Tolstoy’s final work—a gripping novella about the struggle between the Muslim Chechens and their inept occupiers—is a powerful moral fable for our time.
Inspired by a historical figure Tolstoy heard about while serving in the Caucasus, this story brings to life the famed warrior Hadji Murat, a Chechen rebel who has fought fiercely and courageously against the Russian empire. After a feud with his commander he defects to the Russians, only to find that he is now trusted by neither side. He is first welcomed but then imprisoned by the Russians under suspicion of being a spy, and when he hears news of his wife and son held captive by the Chechens, Murat risks all to try to save his family. In the award-winning Pevear and Volokhonsky translation, Hadji Murat is a thrilling and provocative portrait of a tragic figure that has lost none of its relevance.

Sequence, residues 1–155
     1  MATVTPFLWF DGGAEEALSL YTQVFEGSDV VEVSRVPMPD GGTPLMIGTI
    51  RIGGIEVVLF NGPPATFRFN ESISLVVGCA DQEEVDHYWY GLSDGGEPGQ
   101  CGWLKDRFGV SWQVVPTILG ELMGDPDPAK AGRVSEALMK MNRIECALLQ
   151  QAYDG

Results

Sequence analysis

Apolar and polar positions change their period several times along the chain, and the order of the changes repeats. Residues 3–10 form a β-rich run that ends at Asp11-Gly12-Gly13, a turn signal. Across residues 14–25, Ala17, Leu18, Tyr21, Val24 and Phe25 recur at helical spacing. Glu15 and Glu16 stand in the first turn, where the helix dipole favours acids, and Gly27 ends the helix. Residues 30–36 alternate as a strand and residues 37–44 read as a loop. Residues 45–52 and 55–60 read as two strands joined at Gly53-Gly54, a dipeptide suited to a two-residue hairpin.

Leo Tolstoy (1828–1910) was born in central Russia. After serving in the Crimean War, he retired to his estate and devoted himself to writing, farming, and raising his large family. His novels and outspoken social polemics brought him world fame.
“Hadji Murat is my personal touchstone for the sublime of prose fiction, to me the best story in the world.” —Harold Bloom
“Excellent. . . . The duo has managed to convey the rather simple elegance of Tolstoy’s prose.” —The New Criterion “Pevear and Volokhonsky’s new version is . . . flexible individuated, immediate.” —The Nation
“Well translated. As a lover of Tolstoy’s work, one couldn’t ask for more, and I can’t recommend it highly enough.” —André Alexis, The Globe and Mail (Toronto)